The Real Housewives of Atlanta
Okay, now we’re getting somewhere, both narratively and physically. We finally get some forward momentum this episode, which begins with the ladies hurtling toward Isle of Palms, South Carolina, in that busted bus of theirs. Seriously, I’d rather take a ride on the bus from Speed than get on any sprinter van organized by Kenya Moore. Speaking of Miss Moore, Porsha is still upset at Kenya for not sharing that Brooklyn was coming on the trip, but Kandi makes the salient yet depressing point that Kenya doesn’t really have anyone in her life that can watch Brooklyn. It takes a village to raise a child, and Kenya’s village currently has a population of three: me, myself, and I. Porsha concedes, saying, “Well, if she ain’t have no help, she ain’t have no help,” which is basically a nice way of saying “Sucks to suck.”
Back at the ranch in South Carolina, KenToya is kicking off their honeymoon — er, I mean, the girls’ trip — by organizing a murder-mystery night that literally no one asked for. Ummmm, throwing a murder mystery when you’re already crossing state lines to party during a pandemic? The real murder mystery is the unknowable amount of people you’ve infected along the way. Okay, now that I’ve gotten that out of my system, the murder-mystery coordinator, Whitney, assures KenToya that the party will be super-fun and that it’ll begin with gun-toting white men bursting into the group of partying Black women masquerading as detectives, kicking off the festivities. Wow, truly can’t think of a worse idea, @Bravo. Kenya and LaToya make it very clear that they don’t want any guns pointed in the housewives’ direction, which, while absolutely necessary to bring up, is deeply sad to me. Whitney assures KenToya that they have nothing to worry about, as the murder part of the murder mystery is clearly fake. Okay, way to drag the talents of South Carolina regional-theater actors in between gigs.
Despite not being on the bus, Cynthia arrives before the rest of the ladies, leading me to believe that she flew commercial to get there, but who knows. Cynthia gets a great room with a Jacuzzi bathtub because she has the KenToya stamp of approval, which rubs me the wrong way. Imagine you’d been on RHOA for almost a decade and a “friend of” LaToya had any say in your sleeping arrangements. Maybe my inner high-school-senior theater-club president is jumping out, but I think not.
The rest of the ladies finally arrive and are clearly ready to turn up, turn out, and let loose after an eight-hour bus trip that was supposed to take four hours. Yeah, definitely the vibes with which you want to enter a surprise murder-mystery party. In an effort to hide the surprise, Kenya makes all the girls come up with “alter egos” for the trip. Let’s run through ’em:
• Tanya is DYNASTY (eye roll). The emphasis is on the nasty, which makes it a little better, but she’s still trying too hard for me. 3.5/10
• Shamea is VAGENA DRIP (hard G, long E). Clearly this trip happened during “WAP”’s big moment, and I unabashedly love it. 9/10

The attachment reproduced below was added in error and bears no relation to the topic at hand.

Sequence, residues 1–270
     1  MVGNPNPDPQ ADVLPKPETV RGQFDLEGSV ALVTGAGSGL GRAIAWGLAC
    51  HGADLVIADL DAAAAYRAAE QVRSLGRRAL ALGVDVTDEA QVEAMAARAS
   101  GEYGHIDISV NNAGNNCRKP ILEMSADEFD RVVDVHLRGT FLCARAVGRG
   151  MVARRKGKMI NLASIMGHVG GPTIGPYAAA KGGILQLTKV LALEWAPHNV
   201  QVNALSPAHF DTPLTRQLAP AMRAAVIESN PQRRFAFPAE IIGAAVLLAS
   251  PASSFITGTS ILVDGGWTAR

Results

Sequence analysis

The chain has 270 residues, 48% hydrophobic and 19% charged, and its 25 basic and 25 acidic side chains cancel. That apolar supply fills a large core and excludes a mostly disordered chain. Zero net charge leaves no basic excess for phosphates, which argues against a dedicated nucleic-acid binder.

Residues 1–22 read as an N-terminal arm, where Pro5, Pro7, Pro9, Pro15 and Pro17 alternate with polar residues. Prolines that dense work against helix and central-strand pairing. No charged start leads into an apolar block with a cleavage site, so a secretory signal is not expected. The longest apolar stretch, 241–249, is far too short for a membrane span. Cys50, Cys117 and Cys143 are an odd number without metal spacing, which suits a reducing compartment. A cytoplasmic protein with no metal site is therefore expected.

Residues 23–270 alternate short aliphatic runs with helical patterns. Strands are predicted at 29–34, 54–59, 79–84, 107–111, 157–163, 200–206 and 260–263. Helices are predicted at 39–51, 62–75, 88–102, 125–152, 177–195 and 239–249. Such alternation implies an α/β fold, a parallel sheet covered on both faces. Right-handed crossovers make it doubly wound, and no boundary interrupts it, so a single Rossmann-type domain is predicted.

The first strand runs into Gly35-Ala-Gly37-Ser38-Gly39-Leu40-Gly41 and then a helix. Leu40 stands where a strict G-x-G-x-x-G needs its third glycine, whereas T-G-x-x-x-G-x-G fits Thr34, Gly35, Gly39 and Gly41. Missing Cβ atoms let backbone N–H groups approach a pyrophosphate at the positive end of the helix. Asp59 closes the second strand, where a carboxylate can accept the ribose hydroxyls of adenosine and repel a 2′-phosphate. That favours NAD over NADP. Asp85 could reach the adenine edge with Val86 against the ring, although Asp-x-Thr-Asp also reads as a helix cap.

• Kandi is ANGEL. This is boring, but it’s a reference to her appearance on The Masked Singer, which she won, so she gets points for excellence. 7/10
• Drew is MISS LICKETY SPLIT. It’s a li’l corny and a li’l childish for me, which feels fitting for Drew but ultimately not exciting. 5/10
• Kenya is CHOCOLATE. Yawn. Completely uninspired, and this whole event was her idea? I expected more, to be honest. 1/10
• LaToya is TRINI GYAL. Equally as uninspired as her girl Kenya’s alter ego, but at least it’s kind of fun to say and spell. 4/10
• Marlo is DIVA. “A diva is a bitch … what else can I be?” says Marlo, and who can argue with that? Sometimes a classic name is the best of all. 10/10
• Cynthia is 50 CYNT. While I’m sick of this bit, I finally realize CYNT is short for CYNTHIA, which sort of blew my broken mind .50/10
• Porsha is PEACH JUICE. Tropical, sexy, and original. I don’t think peach juice actually exists, but I bet it would taste like Porsha! 11/10
Obviously, the murder mystery is an unmitigated disaster. For a second, the producers cut the episode to make it look like the murder mystery was real, with the murder victim giving a semi-convincing performance and dropping to the floor covered in blood. Give my regards to
Broadway South Carolina summer stock. However, a second version of the footage reveals that the whole thing did seem fake as hell, but that didn’t stop multiple ladies from screaming at the top of their lungs and Porsha from literally diving behind a couch when the strange men ran in waving toy guns in the air, because trauma is trauma, even if it’s a joke.
Anyway, after the shock wears off, the festivities begin, and some of the (boring) ladies are into it (Kandi, Tanya, and Kenya), while the rest are not and do precisely what I would have done: ignore the game and get properly wasted. “I don’t understand what’s happening. I just came to drink and dance,” says Porsha, speaking from the deepest depths of my soul. Sorry, Ken, I don’t want to watch the gals sitting in a circle going over “clues.” I want to watch them inebriated and tripping over themselves trying to out-twerk each other.